There lived once, of old days, in the land of Khorassan, a merchant called Mejdeddin, who had great wealth and many slaves and servants, black and white; but he was childless until he reached the age of threescore, when God the Most High vouchsafed him a son, whom he named Ali Shar. The boy grew up like the moon on the night of its full, and when he came to man's estate and was endowed with all kinds of perfection, his father fell sick of a mortal malady and calling his son to him, said to him, 'O my son, the hour of my death is at hand, and I desire to give thee my last injunctions.' 'And what are they, O my father?' asked Ali. 'O my son,' answered Mejdeddin, 'I charge thee, be not [too] familiar with any and eschew what leads to evil and mischief. Beware lest thou company with the wicked; for he is like the blacksmith; if his fire burn thee not, his smoke irks thee: and how excellent is the saying of the poet:

      There is no man in all the world whose love thou shouldst desire, No friend who, if fate play thee false, will true and constant be.

      Wherefore I'd have thee live apart and lean for help on none. In this I give thee good advice; so let it profit thee.

And what another saith:

      Men are a latent malady; Count not on them, I counsel thee.
      An if thou look into their case, They're full of guile and perfidy.

And yet a third:

      The company of men will profit thee in nought, Except to pass away the time in idle prate;
      So spare thou to converse with them, except it be For gain of lore and wit or mending of estate.

And a fourth

      If a quickwitted man have made proof of mankind, I have eaten of them, where but tasted hath he,
      And have seen their affection but practice and nought But hypocrisy found their religion to be.'

'O my father,' said Ali, 'I hear and obey: what more shall I do?' 'Do good when thou art able thereto,' answered his father; 'be ever courteous and succourable to men and profit by all occasions of doing a kindness; for a design is not always easy of accomplishment; and how well saith the poet:

      'Tis not at every time and season that to do Kind offices, indeed, is easy unto you;
      So, when the occasion serves, make haste to profit by't, Lest by and by the power should fail thee thereunto.'

'I hear and obey,' answered Ali; 'what more?' 'Be mindful of God,' continued Mejdeddin, 'and He will be mindful of thee. Husband thy wealth and squander it not; for, if thou do, thou wilt come to have need of the least of mankind. Know that the measure of a man's worth is according to what his right hand possesses: and how well saith the poet:

      If wealth should fail, there is no friend will bear me company, But whilst my substance yet abounds, all men are friends to me.
      How many a foe for money's sake hath companied with me! How many a friend for loss thereof hath turned mine enemy!'

'What more?' asked Ali. 'O my son,' said Mejdeddin, 'take counsel of those who are older than thou and hasten not to do thy heart's desire. Have compassion on those that are below thee, so shall those that are above thee have compassion on thee; and oppress none, lest God set over thee one who shall oppress thee. How well saith the poet:

      Add others' wit to thine and counsel still ensue; For that the course of right is not concealed from two.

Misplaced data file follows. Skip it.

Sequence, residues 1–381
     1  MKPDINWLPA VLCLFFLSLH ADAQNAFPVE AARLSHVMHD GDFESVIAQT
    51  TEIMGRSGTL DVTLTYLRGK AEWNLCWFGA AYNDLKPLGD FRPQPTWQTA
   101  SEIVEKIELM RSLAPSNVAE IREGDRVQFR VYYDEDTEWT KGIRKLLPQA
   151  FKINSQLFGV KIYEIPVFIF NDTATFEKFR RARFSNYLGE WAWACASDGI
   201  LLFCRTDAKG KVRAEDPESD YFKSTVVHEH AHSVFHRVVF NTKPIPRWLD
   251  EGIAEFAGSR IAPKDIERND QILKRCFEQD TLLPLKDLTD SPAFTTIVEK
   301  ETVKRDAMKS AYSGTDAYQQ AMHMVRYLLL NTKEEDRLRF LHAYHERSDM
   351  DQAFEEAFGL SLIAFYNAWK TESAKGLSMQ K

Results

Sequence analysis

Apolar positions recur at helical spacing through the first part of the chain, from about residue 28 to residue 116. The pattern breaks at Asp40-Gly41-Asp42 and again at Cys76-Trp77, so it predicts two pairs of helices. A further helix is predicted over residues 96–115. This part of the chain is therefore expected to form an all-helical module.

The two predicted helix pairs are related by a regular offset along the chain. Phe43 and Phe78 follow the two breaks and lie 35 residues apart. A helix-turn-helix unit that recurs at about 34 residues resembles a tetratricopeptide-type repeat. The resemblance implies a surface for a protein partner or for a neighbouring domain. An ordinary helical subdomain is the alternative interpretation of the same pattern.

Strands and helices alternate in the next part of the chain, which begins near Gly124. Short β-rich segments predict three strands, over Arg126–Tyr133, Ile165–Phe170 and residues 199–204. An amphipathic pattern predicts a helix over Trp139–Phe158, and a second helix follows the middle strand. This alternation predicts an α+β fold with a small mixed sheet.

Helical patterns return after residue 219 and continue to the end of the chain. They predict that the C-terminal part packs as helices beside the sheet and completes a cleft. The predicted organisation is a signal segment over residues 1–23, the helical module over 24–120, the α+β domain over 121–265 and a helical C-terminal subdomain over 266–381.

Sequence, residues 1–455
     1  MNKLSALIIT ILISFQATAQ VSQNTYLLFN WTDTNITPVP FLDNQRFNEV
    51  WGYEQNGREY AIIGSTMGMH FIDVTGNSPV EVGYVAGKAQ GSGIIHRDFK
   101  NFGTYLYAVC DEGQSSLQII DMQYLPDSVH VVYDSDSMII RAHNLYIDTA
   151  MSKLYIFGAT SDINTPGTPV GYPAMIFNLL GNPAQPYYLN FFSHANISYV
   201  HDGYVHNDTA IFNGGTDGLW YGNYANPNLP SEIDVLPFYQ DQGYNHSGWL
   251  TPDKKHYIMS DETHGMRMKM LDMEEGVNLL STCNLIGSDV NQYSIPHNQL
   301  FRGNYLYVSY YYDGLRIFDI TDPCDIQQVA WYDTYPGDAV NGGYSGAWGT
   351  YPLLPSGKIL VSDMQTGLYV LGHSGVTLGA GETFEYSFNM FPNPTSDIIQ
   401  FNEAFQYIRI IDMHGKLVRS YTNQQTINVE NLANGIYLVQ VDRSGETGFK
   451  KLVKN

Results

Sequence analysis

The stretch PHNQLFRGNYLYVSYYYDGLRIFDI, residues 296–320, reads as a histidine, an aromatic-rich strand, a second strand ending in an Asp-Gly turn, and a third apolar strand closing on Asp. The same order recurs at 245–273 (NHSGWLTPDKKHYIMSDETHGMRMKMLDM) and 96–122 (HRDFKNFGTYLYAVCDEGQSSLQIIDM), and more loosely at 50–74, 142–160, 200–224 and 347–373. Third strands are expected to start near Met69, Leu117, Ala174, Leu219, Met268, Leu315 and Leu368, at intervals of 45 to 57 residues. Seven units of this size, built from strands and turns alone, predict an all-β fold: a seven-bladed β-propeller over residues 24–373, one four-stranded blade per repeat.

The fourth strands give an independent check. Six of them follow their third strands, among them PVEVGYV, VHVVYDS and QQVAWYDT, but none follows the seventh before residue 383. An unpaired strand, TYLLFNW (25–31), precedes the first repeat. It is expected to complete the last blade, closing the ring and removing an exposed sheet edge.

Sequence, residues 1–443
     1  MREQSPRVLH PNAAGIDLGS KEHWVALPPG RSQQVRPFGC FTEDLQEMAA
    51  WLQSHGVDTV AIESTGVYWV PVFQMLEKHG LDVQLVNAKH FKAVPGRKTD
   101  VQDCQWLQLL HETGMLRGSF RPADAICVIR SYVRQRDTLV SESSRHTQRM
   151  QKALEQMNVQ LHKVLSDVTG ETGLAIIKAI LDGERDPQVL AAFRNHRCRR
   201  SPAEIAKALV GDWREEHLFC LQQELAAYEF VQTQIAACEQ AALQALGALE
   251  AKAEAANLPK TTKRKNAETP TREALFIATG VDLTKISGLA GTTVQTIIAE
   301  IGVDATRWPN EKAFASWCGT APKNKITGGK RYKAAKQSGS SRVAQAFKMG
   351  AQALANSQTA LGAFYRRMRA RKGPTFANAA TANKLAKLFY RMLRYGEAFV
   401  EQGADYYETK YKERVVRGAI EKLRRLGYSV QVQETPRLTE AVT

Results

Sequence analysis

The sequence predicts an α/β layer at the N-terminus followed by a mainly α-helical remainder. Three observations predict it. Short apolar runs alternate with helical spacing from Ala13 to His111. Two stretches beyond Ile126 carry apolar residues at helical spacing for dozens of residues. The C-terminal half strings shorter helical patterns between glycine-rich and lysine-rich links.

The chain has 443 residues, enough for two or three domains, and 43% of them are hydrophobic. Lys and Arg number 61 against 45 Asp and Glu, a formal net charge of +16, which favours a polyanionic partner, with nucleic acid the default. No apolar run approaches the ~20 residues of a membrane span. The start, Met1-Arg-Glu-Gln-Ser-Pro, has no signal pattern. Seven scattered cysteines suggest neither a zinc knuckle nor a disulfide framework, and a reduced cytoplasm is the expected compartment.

One mirror shows a man his face, but, if thereto Another one he add, his nape thus can he view.

And as saith another:

      Be slow to move and hasten not to match thy heart's desire: Be merciful to all, as thou on mercy reckonest;
      For no hand is there but the hand of God is over it, And no oppressor but shall be with worse than he opprest.

Ane yet another:

      Do no oppression, whilst the power thereto is in thine hand; For still in peril of revenge the sad oppressor goes.
      Thine eyes will sleep anon, what while the opprest, on wake, call down Curses upon thee, and God's eye shuts never in repose.

Beware of drinking wine, for it is the root of all evil: it does away the reason and brings him who uses it into contempt; and how well saith the poet:

      By Allah, wine shall never invade me, whilst my soul Endureth in my body and my thoughts my words control!
      Not a day long will I turn me to the zephyr-freshened bowl, And for friend I'll choose him only who of wine-bibbing is whole.

This, then,' added Mejdeddin, 'is my charge to thee; keep it before thine eyes, and may God stand to thee in my stead.' Then he swooned away and kept silence awhile. When he came to himself, he besought pardon of God and making the profession of the Faith, was admitted to the mercy of the Most High. His son wept and lamented for him and made due preparation for his burial. Great and small attended him to the grave and the readers recited the Koran about his bier; nor did Ali Shar omit aught of what was due to the dead. Then they prayed over him and committed him to the earth, graving these words upon his tomb:

      Created of the dust thou wast and cam'st to life And eloquence didst learn and spokest many a word;
      Then to the dust again returnedst and wast dead, As 'twere from out the dust, indeed, thou'dst never stirred.

His son Ali Shar grieved for him and mourned him after the wont of men of condition; nor did he cease therefrom till his mother died also, not long afterward, when he did with her as he had done with his father. Then he sat in the shop, selling and buying and consorting with none of God's creatures, in accordance with his father's injunction.

On this wise he abode for a year, at the end of which time there came in to him certain whoreson fellows by craft and companied with him, till he turned with them to lewdness and swerved from the right way, drinking wine in goblets and frequenting the fair night and day; for he said in himself, 'My father amassed this wealth for me, and if I spend it not, to whom shall I leave it? By Allah, I will not do save as saith the poet:

      If all the days of thy life thou get And heap up treasure, to swell thy hoard,